Showing posts from June, 2013

Let's Talk About Relapse - Day 8 - Triggers: The Good News!

On the previous blog, we discussed the big myth of relapse -  relapse is the result of a lack of willpower or of a half-hearted commitment. Instead, we learnaed that it is the consequence of not attending to our triggers - all kinds!   I shared that triggers are a symptom which send us warning signs that something does not feel right. Triggers lead directly back to our layers of shame, and in many cases, to the inner core of our shame. I explained how what we are feeling in the present (the trigger) is taking us to past painful emotions, feelings, and experiences, and we are reliving them. Whether the trigger is physical (craving, nausea, nervousness); psychological (painful memories, flashbacks,); emotional (depression, anxiety, anger); behavioral ( old habits or patterns, unhealthy reactions or interactions); environmental (toxic friends, places - people - things that are reminders of unhealthy and/or enticing situations); or cognitive (toxic thinking, negative self-talk, the on-g

Let's Talk About Relapse - Day 7 - The Big Myth of Relapse

I believe that there are a  number of myths that surround relapse! I want to share what I call the big myth with you as it relates to recovery from relapse. One of the reasons that I spent a great deal of time on several previous blogs discussing shame is because of its critical role in not only triggering a relapse episode but also in sustaining one. I discussed how paramount it is to unravel and release the layers of outer shame (embarrassment, humiliation, guilt, self-blame,etc.) in order to begin to embrace recovery again.  And, I guided you through the tender territory of the inner core of shame which must be accessed and addressed in order to sustain recovery from relapse.  This is important for those in recovery from relapse and also those who want to support us in healing ways because contrary to a common myth, relapse is not the result of a lack of willpower. So many times, either as a therapist or in my personal life, I often heard others say, "Why doesn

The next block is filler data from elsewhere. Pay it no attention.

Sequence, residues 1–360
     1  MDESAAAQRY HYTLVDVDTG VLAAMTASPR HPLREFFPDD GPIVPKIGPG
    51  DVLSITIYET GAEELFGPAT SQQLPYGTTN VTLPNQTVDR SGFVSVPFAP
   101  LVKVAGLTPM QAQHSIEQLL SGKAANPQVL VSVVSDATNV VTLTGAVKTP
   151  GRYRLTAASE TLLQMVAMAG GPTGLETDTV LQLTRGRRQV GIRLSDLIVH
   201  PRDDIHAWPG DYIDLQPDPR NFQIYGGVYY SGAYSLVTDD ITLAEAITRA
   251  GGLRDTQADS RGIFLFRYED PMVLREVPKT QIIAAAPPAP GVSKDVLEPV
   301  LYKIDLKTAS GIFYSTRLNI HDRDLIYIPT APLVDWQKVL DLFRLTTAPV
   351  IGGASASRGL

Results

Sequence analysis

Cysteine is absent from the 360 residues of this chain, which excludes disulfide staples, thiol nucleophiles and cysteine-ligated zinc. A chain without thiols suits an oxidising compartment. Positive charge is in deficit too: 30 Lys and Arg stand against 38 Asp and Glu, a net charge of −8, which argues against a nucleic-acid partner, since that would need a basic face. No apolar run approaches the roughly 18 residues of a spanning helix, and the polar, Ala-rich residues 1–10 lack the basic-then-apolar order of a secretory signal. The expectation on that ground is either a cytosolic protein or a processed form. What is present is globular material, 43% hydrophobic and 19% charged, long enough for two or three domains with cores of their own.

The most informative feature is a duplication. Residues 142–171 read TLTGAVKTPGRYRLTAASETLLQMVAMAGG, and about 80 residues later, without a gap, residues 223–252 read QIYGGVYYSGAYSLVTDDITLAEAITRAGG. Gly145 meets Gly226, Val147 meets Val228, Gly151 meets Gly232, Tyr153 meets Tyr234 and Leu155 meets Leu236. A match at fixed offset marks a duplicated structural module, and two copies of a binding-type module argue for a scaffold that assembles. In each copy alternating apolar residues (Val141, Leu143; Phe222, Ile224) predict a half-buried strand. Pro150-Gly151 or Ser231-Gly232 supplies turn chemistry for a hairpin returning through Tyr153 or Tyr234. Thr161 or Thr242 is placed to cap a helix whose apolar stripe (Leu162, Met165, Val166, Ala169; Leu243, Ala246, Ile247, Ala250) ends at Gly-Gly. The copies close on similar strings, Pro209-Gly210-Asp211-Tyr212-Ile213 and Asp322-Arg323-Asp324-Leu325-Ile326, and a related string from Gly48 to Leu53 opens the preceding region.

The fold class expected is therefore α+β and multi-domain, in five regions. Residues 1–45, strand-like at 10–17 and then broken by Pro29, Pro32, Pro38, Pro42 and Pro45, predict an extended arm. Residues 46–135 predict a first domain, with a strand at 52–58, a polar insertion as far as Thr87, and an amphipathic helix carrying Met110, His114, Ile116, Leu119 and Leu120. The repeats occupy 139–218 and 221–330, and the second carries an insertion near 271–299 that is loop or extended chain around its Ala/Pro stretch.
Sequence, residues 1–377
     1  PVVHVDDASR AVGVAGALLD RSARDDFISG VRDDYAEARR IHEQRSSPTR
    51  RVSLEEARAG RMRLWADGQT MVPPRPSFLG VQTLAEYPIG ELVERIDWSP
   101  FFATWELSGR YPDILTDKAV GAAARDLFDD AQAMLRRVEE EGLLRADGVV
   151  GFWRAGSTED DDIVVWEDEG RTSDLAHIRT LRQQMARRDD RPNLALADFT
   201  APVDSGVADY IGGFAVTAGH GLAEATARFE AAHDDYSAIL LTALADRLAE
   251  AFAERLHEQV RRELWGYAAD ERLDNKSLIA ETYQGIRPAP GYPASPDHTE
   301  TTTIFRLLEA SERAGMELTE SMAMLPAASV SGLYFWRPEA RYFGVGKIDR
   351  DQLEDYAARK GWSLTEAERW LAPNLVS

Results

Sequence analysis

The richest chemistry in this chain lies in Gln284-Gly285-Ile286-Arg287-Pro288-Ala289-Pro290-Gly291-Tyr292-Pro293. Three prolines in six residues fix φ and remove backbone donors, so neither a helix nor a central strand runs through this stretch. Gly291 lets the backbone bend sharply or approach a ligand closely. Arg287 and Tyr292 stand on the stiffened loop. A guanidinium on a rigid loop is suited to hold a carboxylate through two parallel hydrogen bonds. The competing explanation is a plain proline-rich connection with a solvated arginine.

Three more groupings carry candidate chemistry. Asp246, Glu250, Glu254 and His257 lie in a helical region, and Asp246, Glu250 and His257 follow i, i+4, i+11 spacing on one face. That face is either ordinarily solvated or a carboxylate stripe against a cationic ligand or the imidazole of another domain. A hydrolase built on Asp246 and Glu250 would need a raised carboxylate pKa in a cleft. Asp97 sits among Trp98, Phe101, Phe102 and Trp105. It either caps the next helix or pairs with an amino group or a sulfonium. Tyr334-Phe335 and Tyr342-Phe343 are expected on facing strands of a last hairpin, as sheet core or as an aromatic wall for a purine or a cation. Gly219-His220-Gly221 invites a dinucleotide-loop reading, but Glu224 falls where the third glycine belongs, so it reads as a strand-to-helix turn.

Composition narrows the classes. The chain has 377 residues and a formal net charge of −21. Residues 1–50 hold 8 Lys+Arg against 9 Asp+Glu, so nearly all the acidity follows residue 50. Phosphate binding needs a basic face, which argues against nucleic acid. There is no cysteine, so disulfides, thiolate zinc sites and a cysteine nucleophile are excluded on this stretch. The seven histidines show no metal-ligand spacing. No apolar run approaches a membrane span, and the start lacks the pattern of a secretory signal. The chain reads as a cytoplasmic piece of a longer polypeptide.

My Dad - Why I Said, "I Love You", First

As this Father’s Day approaches, I have been thinking about my dad. He is 84 and because the past six months have been rough on his health, this Father’s Day seems extra meaningful. Living over 700 miles apart, we stay connected almost daily through emails and weekly phone calls.  Our relationship over the past 30 years has evolved into one of mutual love, respect, and admiration. Aside from my husband and daughter, I am more authentic with my dad than anyone else. As a child, I never thought this could have happened. It is all because I said, “I love you’, first. Growing up in a family of four sisters in the 50’s and 60’s, with young parents doing all that they could to keep ‘food on the table’ and ‘clothes on our backs’, I felt rather invisible. As the second daughter, I was the typical people-pleaser and peace-maker in a sometimes conflicted and chaotic household. My dad worked hard as a music teacher while taking on other related jobs to bring in additional income: teaching p